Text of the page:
Georgia Congressman Doubles Down on His RBG Tweet and Pro-Life Stance: 'It's Very Personal for Me'

Republican Congressman Doug Collins continued to push for a conservative Supreme Court justice to replace Ruth Bader Ginsburg on Saturday. The U.S. representative from Georgia is specifically calling for a replacement to undo, or at least stand against, the late trailblazer's record of pro-choice advocacy.

"It's very personal for me," Collins told reporters from Channel 2, an ABC-affiliated news station based in Atlanta, during a rally near Gainesville. The congressman is currently campaigning for a Senate seat ahead of Georgia's special election this November.

His latest comments followed a controversial tweet shared to social media on Friday—after the announcement of Ginsburg's passing—which suggested President Donald Trump should nominate a successor that does not support abortion rights. Trump pledged to appoint a nominee promptly in the wake of Ginsburg's death.

"RIP to the more than 30 million innocent babies that have been murdered during the decades that Ruth Bader Ginsburg defended pro-abortion laws," Collins wrote on Twitter. "With @realDonaldTrump nominating a replacement that values human life, generations of unborn children have a chance to live."

Ginsburg, a feminist icon who fought for gender equality throughout her decades-long tenure on the Supreme Court, died on Friday after a lengthy battle with metastatic pancreatic cancer. She was 87 years old. Her passing sparked widespread concern about the future of Roe v. Wade, a landmark 1973 Supreme Court ruling that legalized abortion, of which Ginsburg was a vocal proponent.

"The decision whether or not to bear a child is central to a woman's life, to her well-being and dignity. It is a decision she must make for herself," Ginsburg said in 2018. "When Government controls that decision for her, she is being treated as less than a fully adult human responsible for her own choices."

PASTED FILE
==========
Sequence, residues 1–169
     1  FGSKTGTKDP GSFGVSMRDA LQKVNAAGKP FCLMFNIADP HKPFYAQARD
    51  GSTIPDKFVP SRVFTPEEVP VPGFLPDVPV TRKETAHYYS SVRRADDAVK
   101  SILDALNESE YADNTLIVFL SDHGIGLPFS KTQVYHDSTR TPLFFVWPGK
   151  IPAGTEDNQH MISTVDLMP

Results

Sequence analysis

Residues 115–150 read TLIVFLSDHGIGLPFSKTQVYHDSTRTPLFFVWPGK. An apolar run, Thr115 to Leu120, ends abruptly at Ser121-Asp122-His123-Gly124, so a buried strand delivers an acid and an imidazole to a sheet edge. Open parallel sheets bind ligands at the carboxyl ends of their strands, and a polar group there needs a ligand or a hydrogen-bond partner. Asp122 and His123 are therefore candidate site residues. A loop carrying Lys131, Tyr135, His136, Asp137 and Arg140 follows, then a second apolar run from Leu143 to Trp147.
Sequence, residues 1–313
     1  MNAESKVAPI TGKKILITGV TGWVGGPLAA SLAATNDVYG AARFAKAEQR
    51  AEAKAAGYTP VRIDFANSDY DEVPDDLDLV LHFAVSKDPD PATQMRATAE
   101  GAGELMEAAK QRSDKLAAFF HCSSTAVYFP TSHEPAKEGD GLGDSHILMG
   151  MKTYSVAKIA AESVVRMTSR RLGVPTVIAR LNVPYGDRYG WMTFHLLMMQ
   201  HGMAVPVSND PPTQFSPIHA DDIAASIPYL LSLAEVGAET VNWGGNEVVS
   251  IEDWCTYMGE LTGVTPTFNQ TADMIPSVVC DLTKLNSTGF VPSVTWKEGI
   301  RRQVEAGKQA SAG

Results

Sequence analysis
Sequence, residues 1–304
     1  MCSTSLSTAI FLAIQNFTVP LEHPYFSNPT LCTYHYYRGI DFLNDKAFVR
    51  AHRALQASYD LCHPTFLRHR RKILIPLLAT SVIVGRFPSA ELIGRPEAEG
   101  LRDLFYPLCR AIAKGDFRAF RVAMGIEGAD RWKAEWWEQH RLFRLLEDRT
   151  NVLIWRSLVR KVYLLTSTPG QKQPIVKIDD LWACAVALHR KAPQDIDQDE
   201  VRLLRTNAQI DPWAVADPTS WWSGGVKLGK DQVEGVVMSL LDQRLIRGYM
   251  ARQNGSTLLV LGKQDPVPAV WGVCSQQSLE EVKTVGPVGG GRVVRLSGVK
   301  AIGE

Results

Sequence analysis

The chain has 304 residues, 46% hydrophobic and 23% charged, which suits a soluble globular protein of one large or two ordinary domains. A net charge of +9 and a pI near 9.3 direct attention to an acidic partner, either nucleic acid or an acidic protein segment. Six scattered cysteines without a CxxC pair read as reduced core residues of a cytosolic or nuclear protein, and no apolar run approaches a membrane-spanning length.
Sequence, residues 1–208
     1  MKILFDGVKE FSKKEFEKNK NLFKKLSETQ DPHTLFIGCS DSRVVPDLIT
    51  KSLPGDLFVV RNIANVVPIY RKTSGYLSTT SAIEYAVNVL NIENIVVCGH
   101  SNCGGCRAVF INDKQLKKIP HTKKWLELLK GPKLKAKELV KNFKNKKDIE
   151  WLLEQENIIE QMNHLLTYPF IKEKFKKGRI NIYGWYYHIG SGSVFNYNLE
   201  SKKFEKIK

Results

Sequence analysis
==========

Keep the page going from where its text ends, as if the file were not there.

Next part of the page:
Collins justified his tweet in further comments to Channel 2 on Saturday. He also told reporters he hopes Trump will appoint a Supreme Court replacement who will overturn Roe v. Wade, according to the news station's report.

"The truth was about being honest about where we're going and what the president's going to do...Sometimes in life, there's just polite, and there's just the truth. That was the truth," the congressman said in reference to his Friday statement, which preceded a series of additional tweets articulating his pro-life stance posted on Saturday.

"For me it was about focusing on what is ahead in this seat that I believe the President needs to fill, and fill quickly," he continued. "There was nowhere in there where I was celebrating a death...I was making a statement."

Newsweek reached out to Collins' office for additional comments, but did not receive a reply in time for publication.

RGB rally
People celebrate Ruth Bader Ginsburg's legacy during a gathering near the U.S. Supreme Court in Washington, D.C., on September 19. JOSE LUIS MAGANA/AFP via Getty Images

Correction 8:55 PM ET: to fix a typo on Ruth Bader Ginsburg's last name from an earlier version of this story.

Georgia Congressman Doubles Down on His RBG Tweet and Pro-Life Stance: 'It's Very Personal for Me' | U.S.